#1Show a little empathy

The last 6 months have been devastating for some businesses and a frenzy of craziness for others. Either way all have had to adapt and behave differently. It’s been a steep learning curve. Be tolerant of the pressure, anxiety and fear others feel and before you react to mistakes ask yourself if this is out of the ordinary. Cutting a little slack given the current situation will be hugely appreciated and will, no doubt, be repaid going forward.

#2Keep giving business where you can

Fight the urge to cling onto every penny and cease all spending. In the wider context, to get out of recession we need to carefully keep the business wheels turning. At your own business level, if you benefited from the services of suppliers before then chances are you still will. Common areas that get cut are services that promote your business, such as marketing, social media and business networking, or services that keep you focused and moving forwards, such as coaches and trainers, but this can also be the reason your business falters and maybe even fails during these tough times. Keeping the money moving will undoubtedly help more businesses to survive.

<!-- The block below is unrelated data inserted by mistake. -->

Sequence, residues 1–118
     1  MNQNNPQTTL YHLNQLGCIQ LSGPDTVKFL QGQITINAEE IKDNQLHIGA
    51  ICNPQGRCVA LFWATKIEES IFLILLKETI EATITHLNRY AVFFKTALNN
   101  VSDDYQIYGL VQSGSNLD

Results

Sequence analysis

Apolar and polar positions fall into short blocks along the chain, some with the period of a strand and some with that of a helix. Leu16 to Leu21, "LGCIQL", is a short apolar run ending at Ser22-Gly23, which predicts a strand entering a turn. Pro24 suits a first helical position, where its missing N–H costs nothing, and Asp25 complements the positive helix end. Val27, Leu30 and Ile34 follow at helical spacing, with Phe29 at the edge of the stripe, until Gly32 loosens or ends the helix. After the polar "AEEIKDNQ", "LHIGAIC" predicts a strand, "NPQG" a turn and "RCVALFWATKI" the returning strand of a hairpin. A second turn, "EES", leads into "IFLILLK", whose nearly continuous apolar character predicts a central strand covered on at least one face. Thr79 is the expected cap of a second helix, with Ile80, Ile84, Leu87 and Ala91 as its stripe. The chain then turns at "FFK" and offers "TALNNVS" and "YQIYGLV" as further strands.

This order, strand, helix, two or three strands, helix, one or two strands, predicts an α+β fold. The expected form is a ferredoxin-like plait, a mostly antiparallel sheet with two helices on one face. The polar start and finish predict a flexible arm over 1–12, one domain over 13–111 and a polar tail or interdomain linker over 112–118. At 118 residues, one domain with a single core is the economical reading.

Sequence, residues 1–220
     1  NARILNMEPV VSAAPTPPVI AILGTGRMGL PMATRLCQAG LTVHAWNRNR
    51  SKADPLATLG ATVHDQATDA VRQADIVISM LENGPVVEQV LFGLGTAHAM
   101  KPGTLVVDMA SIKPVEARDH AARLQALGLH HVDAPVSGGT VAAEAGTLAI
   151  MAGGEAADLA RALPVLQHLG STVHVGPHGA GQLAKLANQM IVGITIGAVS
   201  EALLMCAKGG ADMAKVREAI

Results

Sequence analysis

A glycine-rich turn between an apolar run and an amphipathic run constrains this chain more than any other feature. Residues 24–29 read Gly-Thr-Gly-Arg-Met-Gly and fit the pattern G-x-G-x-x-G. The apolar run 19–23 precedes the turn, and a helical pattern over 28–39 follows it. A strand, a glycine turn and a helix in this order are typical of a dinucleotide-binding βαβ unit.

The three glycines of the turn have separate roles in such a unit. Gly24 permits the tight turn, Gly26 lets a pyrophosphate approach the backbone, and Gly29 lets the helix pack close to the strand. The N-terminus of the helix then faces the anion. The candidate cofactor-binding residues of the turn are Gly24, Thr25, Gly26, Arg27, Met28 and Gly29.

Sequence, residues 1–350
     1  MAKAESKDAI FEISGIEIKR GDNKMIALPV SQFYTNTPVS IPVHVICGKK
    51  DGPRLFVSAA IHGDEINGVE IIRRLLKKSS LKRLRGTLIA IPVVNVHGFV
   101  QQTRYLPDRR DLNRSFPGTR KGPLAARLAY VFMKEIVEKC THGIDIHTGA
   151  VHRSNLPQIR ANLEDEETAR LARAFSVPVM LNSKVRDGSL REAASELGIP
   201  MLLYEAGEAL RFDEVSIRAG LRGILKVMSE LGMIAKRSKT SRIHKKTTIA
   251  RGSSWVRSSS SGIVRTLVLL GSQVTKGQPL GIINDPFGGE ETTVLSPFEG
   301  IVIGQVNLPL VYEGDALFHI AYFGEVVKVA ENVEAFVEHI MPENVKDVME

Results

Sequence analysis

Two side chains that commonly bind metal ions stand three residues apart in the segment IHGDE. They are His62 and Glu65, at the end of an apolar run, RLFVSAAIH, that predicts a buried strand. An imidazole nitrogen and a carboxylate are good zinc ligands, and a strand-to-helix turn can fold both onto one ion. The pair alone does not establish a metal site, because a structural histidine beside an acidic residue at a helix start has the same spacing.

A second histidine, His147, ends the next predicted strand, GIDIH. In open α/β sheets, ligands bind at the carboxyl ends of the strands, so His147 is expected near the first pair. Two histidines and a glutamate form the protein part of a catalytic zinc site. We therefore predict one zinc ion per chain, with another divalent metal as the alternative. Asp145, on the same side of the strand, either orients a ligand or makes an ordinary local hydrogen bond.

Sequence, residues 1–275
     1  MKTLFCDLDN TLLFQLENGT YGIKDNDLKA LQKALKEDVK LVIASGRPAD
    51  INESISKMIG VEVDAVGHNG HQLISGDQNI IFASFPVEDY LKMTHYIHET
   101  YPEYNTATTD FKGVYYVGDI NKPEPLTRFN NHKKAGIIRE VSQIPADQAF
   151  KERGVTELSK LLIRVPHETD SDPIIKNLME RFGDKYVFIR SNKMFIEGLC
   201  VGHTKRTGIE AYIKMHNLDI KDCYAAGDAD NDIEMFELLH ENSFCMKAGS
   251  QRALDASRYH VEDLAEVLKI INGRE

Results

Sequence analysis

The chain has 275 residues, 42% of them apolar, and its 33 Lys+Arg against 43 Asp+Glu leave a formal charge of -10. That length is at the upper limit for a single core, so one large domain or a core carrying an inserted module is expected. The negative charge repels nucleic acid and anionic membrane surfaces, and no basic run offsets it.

#3Pay your invoices on time

Cash flow can make or break small businesses. Ok, so you might be trying to conserve your coffers too but consider what the impact will be to your business if a supplier you rely on goes under? Pay your suppliers on time and keep the good karma going.

#4Acknowledge your responsibilities